So we have to get away from the assumption that any extraterrestrial civilization will be ‘always on,’ just waiting for us to detect it. Searching with instruments pointed at specific targets and limited by short ‘dwell’ times (how long we remain on that target), we wouldn’t find the great bulk of transients that could be telltale evidence of other civilizations. We’re just now learning, for example, about Fast Radio Bursts (FRBs), millisecond radio pulses thought to occur in their thousands every day and still poorly understood. Because they appear as transients, we’ve only catalogued a handful. SETI sometimes detects radio transients that never, to our knowledge, reoccur. Or perhaps some do, but we aren’t looking then.

Current methods are, to use Paul Shuch’s phrase, looking at the sky through a soda straw. Laser SETI proposes to put an end to that limitation with new detectors that will become the basis of observatories that will one day provide global coverage of the entire sky.

Moreover, the detector Eliot Gillum talked about in last year’s Breakthrough Discuss meeting, is not hypothetical. The design has been turned into a prototype and tested with sky observations to validate the methods and analyze performance. The Laser SETI campaign on Indiegogo seeks to raise the funds needed to produce a minimum of two cameras, enough to localize targets on the sky and examine the algorithms used in signal detection.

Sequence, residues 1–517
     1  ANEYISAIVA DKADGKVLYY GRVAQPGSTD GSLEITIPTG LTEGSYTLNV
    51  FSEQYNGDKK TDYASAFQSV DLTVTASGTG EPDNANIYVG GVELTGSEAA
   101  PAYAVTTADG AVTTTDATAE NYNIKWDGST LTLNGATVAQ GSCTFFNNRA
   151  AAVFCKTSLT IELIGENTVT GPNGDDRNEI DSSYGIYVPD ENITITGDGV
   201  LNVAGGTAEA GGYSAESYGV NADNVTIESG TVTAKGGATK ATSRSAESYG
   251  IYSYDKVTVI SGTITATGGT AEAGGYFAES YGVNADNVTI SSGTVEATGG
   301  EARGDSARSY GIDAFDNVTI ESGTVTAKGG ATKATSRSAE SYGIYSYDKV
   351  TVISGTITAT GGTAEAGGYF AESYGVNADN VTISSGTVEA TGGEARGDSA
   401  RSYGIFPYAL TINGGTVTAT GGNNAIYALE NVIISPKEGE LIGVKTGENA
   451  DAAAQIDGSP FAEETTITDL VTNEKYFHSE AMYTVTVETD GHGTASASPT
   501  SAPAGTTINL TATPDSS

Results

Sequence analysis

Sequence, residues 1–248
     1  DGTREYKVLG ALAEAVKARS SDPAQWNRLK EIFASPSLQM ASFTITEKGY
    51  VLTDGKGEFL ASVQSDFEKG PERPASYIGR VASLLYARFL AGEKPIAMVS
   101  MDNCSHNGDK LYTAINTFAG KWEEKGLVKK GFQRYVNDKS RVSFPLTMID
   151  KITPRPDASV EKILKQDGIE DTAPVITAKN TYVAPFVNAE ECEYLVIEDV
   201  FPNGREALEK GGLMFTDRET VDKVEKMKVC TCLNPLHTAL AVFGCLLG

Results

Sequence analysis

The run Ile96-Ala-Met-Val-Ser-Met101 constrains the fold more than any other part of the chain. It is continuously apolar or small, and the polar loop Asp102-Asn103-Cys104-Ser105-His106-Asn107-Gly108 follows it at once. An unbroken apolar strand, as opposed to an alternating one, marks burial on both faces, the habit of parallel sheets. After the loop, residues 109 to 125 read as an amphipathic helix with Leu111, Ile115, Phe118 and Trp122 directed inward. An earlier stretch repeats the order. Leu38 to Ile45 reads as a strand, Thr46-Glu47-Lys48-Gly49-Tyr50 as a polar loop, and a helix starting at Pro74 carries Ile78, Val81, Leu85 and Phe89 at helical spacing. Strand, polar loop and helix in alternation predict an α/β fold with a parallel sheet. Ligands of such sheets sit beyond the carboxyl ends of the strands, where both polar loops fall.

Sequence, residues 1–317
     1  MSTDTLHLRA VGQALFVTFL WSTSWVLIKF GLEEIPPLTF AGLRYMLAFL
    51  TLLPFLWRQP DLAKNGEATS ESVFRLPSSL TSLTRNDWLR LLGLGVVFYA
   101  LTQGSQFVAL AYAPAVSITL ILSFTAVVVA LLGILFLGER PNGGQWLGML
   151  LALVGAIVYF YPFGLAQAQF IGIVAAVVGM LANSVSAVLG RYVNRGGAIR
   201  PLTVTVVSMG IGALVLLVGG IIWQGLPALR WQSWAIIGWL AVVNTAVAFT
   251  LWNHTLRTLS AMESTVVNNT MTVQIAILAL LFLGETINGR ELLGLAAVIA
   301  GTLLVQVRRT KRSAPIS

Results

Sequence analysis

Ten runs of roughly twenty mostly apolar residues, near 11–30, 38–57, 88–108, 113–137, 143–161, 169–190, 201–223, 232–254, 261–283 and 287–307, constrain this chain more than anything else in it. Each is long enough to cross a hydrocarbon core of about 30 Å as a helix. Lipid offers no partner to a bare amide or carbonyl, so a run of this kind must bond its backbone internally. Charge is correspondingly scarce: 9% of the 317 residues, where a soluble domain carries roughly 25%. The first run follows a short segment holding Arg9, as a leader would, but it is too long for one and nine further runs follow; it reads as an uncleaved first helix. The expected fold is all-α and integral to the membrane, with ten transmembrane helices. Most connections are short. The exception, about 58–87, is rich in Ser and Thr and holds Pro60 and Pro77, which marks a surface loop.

Pushing Imaging Technologies in SETI’s Direction

Laser SETI’s technology involves cameras with a wide field of view that use ‘drift scanning’ methods (a fixed camera tracking the celestial scene as it passes above). The camera is a charged coupled device (CCD), a familiar technology widely used not only in astronomical observations but also in cell phone cameras and numerous scientific applications. Photons striking a CCD’s light-sensitive elements generate a charge that can be read by electronics within the device and turned into a digital copy of the light falling onto the surface.

But that just begins the story. Remember, we’re talking about the night sky moving across the camera’s fixed field of view. Laser SETI thus incorporates what is called Time-Delay Integration (TDI), a CCD readout technique used in many applications to capture images of fast-moving objects. TDI can preserve both sensitivity and image quality even when dealing with fast relative movement, with photo-charges constantly being shifted down the CCD detector from pixel to pixel as they record changes to the light pattern being observed.